TOKYO (Reuters) – The premium for Japanese aluminium shipments for the fourth quarter was set at $97 per metric ton, down 24% from the prior quarter, as demand remained dull at home and abroad, five sources directly involved in pricing talks said
The figure is lower than the $127.5 per ton paid in July–September and the lowest since the January–March quarter of this year. Producers had originally sought premiums of $110 to $120 per ton for the fourth quarter.
Japan is Asia’s biggest importer of light metal, and the premium for primary metal shipments it agrees to pay each quarter over the London Metal Exchange (LME) cash price sets the benchmark for the region.
The results reflected languid demand and ample stockpiles in Japan, while weaker U.S. and European premiums also encouraged some buyers’ aggressive attitude toward negotiations, a source at a trading house said.
Some Japanese buyers agreed last week to pay a premium of $97 per ton.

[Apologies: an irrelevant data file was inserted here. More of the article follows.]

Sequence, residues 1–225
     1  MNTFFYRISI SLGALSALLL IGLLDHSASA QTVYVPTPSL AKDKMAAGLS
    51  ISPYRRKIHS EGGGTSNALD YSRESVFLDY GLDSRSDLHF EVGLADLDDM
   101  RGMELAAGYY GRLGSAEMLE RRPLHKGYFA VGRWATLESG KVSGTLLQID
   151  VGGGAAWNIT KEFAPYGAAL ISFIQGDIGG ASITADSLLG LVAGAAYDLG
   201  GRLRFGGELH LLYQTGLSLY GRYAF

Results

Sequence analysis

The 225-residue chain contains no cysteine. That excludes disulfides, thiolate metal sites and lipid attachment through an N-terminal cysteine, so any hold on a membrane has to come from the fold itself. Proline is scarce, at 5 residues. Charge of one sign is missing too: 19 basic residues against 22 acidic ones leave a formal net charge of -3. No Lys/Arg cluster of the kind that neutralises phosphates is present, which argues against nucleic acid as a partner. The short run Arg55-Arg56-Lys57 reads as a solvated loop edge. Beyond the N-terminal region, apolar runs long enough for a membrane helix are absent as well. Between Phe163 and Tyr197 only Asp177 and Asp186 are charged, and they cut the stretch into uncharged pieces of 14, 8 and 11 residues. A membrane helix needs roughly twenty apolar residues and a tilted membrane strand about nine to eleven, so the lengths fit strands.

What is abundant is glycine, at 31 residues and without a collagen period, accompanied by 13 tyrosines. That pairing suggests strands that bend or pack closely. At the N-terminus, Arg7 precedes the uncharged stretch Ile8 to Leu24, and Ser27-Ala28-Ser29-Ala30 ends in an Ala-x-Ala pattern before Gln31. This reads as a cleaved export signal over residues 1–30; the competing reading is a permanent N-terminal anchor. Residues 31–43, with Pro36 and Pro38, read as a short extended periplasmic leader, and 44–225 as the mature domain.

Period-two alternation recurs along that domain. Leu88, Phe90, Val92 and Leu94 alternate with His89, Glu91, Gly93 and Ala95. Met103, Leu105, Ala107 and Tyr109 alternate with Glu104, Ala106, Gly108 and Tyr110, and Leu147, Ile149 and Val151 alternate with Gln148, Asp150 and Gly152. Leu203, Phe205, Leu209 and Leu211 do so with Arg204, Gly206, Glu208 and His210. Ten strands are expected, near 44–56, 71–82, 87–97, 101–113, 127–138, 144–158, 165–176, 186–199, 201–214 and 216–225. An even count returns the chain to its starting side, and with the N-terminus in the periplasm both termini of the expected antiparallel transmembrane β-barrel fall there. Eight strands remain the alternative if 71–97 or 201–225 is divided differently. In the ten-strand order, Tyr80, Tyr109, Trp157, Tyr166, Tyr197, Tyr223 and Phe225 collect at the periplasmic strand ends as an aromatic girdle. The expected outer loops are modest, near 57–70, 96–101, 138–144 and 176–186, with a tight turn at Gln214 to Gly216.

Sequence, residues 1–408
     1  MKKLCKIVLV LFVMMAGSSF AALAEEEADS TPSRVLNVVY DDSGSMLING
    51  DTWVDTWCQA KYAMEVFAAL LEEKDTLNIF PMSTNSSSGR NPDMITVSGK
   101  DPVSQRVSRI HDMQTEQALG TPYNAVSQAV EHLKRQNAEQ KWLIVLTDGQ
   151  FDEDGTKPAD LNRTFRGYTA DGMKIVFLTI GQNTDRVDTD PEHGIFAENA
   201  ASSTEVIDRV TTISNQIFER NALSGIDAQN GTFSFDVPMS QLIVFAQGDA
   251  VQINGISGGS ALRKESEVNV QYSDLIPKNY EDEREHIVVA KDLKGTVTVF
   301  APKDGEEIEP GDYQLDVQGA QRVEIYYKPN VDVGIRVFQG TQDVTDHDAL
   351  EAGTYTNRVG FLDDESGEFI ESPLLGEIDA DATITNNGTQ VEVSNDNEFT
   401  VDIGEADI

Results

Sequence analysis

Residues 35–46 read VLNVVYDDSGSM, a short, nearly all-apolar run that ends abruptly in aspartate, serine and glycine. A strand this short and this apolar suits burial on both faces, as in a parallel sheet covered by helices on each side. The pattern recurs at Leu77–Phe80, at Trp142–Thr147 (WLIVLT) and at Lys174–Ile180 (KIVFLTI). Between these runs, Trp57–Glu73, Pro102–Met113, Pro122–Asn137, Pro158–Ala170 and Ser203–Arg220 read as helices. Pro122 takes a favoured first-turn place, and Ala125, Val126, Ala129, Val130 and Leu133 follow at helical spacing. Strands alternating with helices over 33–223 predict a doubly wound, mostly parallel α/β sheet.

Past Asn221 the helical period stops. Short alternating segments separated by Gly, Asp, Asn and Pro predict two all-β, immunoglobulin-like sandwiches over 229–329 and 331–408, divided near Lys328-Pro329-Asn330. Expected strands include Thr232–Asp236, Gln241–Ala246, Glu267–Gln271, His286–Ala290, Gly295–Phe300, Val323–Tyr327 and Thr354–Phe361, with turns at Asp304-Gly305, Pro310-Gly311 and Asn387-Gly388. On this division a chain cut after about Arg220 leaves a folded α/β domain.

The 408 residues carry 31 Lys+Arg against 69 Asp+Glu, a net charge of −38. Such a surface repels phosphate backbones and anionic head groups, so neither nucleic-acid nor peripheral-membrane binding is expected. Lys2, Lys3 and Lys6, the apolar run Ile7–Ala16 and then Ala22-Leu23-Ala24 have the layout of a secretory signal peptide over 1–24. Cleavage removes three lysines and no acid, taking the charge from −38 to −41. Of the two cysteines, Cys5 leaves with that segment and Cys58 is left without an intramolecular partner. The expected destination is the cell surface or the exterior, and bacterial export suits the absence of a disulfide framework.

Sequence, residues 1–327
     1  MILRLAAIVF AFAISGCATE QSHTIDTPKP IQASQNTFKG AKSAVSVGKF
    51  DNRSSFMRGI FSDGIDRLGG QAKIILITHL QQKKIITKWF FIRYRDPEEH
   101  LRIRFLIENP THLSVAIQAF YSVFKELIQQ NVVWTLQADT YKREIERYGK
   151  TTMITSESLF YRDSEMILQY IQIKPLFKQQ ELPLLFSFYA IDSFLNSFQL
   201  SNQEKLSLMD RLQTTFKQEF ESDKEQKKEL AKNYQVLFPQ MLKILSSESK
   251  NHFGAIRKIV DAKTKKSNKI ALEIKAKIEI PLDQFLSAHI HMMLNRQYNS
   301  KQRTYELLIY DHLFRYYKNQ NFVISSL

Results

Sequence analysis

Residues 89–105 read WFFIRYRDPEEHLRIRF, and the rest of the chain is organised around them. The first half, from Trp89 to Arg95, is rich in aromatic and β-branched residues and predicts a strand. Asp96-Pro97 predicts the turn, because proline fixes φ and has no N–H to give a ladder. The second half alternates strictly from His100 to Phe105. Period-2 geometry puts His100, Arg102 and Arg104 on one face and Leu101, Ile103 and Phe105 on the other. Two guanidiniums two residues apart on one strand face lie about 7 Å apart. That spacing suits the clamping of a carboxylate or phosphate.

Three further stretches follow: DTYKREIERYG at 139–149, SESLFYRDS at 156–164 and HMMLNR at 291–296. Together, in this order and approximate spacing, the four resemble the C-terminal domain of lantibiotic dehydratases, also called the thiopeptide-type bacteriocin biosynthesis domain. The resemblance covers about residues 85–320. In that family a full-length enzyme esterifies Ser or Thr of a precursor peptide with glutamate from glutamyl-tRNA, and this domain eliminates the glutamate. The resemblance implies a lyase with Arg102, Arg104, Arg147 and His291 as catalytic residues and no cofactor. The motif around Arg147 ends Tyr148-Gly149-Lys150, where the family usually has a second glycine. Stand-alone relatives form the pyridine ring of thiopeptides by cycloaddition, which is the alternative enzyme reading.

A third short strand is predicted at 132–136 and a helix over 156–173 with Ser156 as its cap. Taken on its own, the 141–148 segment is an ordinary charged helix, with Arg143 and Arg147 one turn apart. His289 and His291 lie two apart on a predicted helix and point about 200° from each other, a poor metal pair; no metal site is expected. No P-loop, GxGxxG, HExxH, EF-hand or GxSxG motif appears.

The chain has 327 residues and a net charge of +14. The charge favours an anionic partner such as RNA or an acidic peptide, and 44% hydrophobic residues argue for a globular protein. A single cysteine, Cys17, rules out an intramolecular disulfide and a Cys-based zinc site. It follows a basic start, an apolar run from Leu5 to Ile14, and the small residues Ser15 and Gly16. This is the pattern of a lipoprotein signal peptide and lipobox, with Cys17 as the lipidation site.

Buyers had earlier insisted on $90-$95 due to even lower spot premiums, but they compromised to end the negotiations faster than the last three rounds when the talks had dragged on for more than a month longer than usual, another source at a Japanese end-user said.
The quarterly talks began in late August between Japanese buyers and global suppliers, including Rio Tinto and South32.
“Demand from automakers is recovering with the easing of chip scarcity, but appetite from other sectors such as construction stayed dull,” a third source at a global producer said.
Japan’s shipment of aluminum sheets and extrusions fell 4.6% in August, marking the 18th consecutive month of decline, data from the Japan Aluminium Association shows.
Amplifying oversupply concerns, aluminum stocks at three major Japanese ports totaled 360,700 tons in August, exceeding 250,000–300,000 tons that are considered healthy, according to Marubeni.
The high stockpiles came despite a 30% year-on-year cut in Japan’s import of primary ingots in January–August, with those from Russia plunging by 65%, the trade data shows. Many Japanese companies have cut purchases of Russian supplies after Moscow’s invasion of Ukraine.
The sources declined to be identified because of the sensitivity of the discussions.
(Reporting by Yuka Obayashi; Editing by Jamie Freed and Tom Hogue)
By Yuka Obayashi